Cancer treatments: not just for humans any more
By Adam Allington, KWMU
Columbia, MO – Cancer treatments such as radiation and chemotherapy are not just for humans anymore.
Veterinarians at the University of Missouri have been selected by the National Cancer Institute to spearhead research in the growing field of veterinary oncology.
Oncology is the study of tumors. Dr. Carolyn Henry is director of the U-M research team.
Up until now she says that most cancer research involving animals has been focused on rodents.
"The unique part is that we're using patients presented to a veterinary hospital that already have cancer, that got cancer for the same reasons that people get cancer," says Henry.
"Also a large enough animal model so that we can do things like a CAT scans, very similar to what one would do with a person."
According to Dr. Henry the reason for the increase is twofold-more pet owners are willing to spend money for expensive treatments, and also, the next generation of cancer research won't focus solely on rodents.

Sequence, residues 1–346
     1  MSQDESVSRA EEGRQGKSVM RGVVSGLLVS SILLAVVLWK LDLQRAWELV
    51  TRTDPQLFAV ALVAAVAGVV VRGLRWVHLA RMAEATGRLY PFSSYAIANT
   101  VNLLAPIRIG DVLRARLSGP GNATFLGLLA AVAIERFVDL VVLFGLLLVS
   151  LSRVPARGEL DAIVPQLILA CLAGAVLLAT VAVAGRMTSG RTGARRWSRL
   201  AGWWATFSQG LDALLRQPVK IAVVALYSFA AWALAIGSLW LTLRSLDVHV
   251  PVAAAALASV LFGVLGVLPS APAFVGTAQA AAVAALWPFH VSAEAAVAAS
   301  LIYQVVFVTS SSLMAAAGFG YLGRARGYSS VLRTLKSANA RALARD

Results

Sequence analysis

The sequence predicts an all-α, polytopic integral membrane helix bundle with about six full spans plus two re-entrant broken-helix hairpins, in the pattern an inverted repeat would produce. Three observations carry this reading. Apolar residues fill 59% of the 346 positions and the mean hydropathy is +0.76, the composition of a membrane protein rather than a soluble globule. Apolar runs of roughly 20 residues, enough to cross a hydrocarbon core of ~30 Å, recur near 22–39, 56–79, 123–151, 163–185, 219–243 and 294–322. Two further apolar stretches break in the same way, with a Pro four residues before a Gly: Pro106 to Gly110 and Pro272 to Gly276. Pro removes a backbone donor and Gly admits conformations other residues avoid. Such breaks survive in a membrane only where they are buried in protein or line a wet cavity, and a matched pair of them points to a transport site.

"What's been done over and over again through the years is that you induce cancer in a mouse and then you try to cure the cancer in the mouse and unfortunately that's a very contrived model and it doesn't necessary act like cancer does in a patient that develops cancer spontaneously."
Dr. Henry's department has received new funding from the National Cancer Institute.
She says having a veterinary teaching hospital, a medical school and a cancer center all on one physical campus will greatly accelerate the pace of clinical trials for new drugs and treatments.